RESOLVED, that the Blinded Veterans Association,
in convention assembled in Las Vegas, Nevada, on this 1st
day of September 2001, strongly urges VA to include histoplasmosis
as a presumptive disease.
VA opposes this resolution. The most recent information from
the Institute of Medicine does not support creation of a presumption
of service connection for histoplasmosis for Vietnam veterans.
Due to the widespread distribution of histoplasmosis in the United
States, it may be difficult to determine whether histoplasmosis
infection was a result of military service in Vietnam. This is
especially true for veterans who may have lived in an endemic
area, including the Ohio or Mississippi River valley and the Appalachian
Mountains, prior and/or subsequent to military service.
AND BE IT FURTHER
RESOLVED, that BVA urges VA to recognize diseases
of the eye that manifest themselves after a period of years subsequent
to its contraction as presumptive diseases. For example, histoplasmosis
will not manifest itself as a visual impediment for several years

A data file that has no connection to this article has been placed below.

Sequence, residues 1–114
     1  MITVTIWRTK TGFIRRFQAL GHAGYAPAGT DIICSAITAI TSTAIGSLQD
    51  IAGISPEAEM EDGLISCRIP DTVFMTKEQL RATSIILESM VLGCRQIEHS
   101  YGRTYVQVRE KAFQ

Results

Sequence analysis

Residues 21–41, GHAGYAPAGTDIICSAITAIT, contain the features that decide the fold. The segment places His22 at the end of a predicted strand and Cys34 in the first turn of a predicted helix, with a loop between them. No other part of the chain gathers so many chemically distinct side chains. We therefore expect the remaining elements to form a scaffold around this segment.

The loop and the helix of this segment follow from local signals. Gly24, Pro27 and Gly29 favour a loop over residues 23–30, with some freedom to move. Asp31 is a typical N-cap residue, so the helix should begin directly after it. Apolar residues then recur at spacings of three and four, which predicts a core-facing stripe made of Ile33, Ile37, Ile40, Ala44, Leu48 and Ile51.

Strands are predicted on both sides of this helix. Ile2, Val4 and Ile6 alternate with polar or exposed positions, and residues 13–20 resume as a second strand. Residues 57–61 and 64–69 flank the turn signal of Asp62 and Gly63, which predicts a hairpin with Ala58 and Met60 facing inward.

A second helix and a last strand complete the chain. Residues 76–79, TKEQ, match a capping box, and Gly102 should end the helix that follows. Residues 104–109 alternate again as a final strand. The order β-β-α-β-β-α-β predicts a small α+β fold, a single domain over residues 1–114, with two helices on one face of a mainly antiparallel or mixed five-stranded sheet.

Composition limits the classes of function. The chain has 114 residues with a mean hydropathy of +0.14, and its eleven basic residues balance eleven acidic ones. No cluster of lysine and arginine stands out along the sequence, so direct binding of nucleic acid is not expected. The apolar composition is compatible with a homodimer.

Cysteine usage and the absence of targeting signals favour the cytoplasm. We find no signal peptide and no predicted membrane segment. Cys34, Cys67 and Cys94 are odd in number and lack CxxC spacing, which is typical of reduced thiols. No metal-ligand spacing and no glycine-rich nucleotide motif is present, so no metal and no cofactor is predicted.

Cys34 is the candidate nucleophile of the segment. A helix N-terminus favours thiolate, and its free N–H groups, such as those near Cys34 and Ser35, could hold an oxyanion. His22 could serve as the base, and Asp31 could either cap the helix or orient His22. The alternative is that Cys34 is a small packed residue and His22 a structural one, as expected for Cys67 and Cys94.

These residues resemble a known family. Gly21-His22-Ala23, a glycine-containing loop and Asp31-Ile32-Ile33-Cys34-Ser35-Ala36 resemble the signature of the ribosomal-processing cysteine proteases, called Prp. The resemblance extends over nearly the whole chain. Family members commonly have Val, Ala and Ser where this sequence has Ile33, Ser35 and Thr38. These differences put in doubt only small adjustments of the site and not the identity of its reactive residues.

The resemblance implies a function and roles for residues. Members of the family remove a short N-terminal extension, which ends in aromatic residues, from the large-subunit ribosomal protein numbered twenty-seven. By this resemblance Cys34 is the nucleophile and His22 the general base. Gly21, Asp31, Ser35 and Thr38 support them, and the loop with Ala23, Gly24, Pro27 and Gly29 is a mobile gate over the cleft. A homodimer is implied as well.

after infecting a person.
VA opposes this resolution.
Histoplasmosis is presumed to occur worldwide in certain river
valleys between latitudes 45 degrees north and 45 degrees south.
These river valleys may include those in the central and eastern
United States, southern Canada, Central America, the central areas
of Africa, India, Pakistan, Burma, Thailand, and other countries
of southeast Asia.
More than 99 percent of histoplasmosis infections are benign
and asymptomatic. In the United States, patients with histoplasmic
choroiditis are seen primarily in the endemic Midwest where approximately
1.6 percent of the general population may have evidence of "histo
Patients may develop "presumed" histoplasmosis choroiditis after
living outside of the endemic area for 20 years or more. The macular
form of the disease that may result in significant loss of vision
has been documented to occur 10 to 30 years after the initial
observation of disseminated areas of choroiditis.